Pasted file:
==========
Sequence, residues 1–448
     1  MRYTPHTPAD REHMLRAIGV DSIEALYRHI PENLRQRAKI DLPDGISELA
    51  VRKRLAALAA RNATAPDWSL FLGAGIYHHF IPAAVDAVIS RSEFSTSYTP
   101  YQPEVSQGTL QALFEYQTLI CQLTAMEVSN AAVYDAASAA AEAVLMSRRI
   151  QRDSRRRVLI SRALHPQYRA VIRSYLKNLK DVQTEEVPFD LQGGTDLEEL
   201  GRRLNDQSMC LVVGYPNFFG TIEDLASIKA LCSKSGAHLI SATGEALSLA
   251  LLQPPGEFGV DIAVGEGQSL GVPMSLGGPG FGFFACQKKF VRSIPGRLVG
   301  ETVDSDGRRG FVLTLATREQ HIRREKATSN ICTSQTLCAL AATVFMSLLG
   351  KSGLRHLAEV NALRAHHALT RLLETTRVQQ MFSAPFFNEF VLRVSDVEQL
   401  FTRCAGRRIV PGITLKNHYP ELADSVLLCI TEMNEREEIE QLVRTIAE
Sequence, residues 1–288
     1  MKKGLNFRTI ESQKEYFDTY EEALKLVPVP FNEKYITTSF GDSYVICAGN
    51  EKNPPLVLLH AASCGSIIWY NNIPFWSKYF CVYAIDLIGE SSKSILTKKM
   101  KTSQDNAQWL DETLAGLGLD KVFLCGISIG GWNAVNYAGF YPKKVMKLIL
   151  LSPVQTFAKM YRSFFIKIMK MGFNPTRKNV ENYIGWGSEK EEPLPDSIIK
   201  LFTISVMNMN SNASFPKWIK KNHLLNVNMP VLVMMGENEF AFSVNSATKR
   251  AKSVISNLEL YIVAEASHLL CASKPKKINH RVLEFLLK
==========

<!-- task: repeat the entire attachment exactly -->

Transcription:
Sequence, residues 1–448
     1  MRYTPHTPAD REHMLRAIGV DSIEALYRHI PENLRQRAKI DLPDGISELA
    51  VRKRLAALAA RNATAPDWSL FLGAGIYHHF IPAAVDAVIS RSEFSTSYTP
   101  YQPEVSQGTL QALFEYQTLI CQLTAMEVSN AAVYDAASAA AEAVLMSRRI
   151  QRDSRRRVLI SRALHPQYRA VIRSYLKNLK DVQTEEVPFD LQGGTDLEEL
   201  GRRLNDQSMC LVVGYPNFFG TIEDLASIKA LCSKSGAHLI SATGEALSLA
   251  LLQPPGEFGV DIAVGEGQSL GVPMSLGGPG FGFFACQKKF VRSIPGRLVG
   301  ETVDSDGRRG FVLTLATREQ HIRREKATSN ICTSQTLCAL AATVFMSLLG
   351  KSGLRHLAEV NALRAHHALT RLLETTRVQQ MFSAPFFNEF VLRVSDVEQL
   401  FTRCAGRRIV PGITLKNHYP ELADSVLLCI TEMNEREEIE QLVRTIAE
Sequence, residues 1–288
     1  MKKGLNFRTI ESQKEYFDTY EEALKLVPVP FNEKYITTSF GDSYVICAGN
    51  EKNPPLVLLH AASCGSIIWY NNIPFWSKYF CVYAIDLIGE SSKSILTKKM
   101  KTSQDNAQWL DETLAGLGLD KVFLCGISIG GWNAVNYAGF YPKKVMKLIL
   151  LSPVQTFAKM YRSFFIKIMK MGFNPTRKNV ENYIGWGSEK EEPLPDSIIK
   201  LFTISVMNMN SNASFPKWIK KNHLLNVNMP VLVMMGENEF AFSVNSATKR
   251  AKSVISNLEL YIVAEASHLL CASKPKKINH RVLEFLLK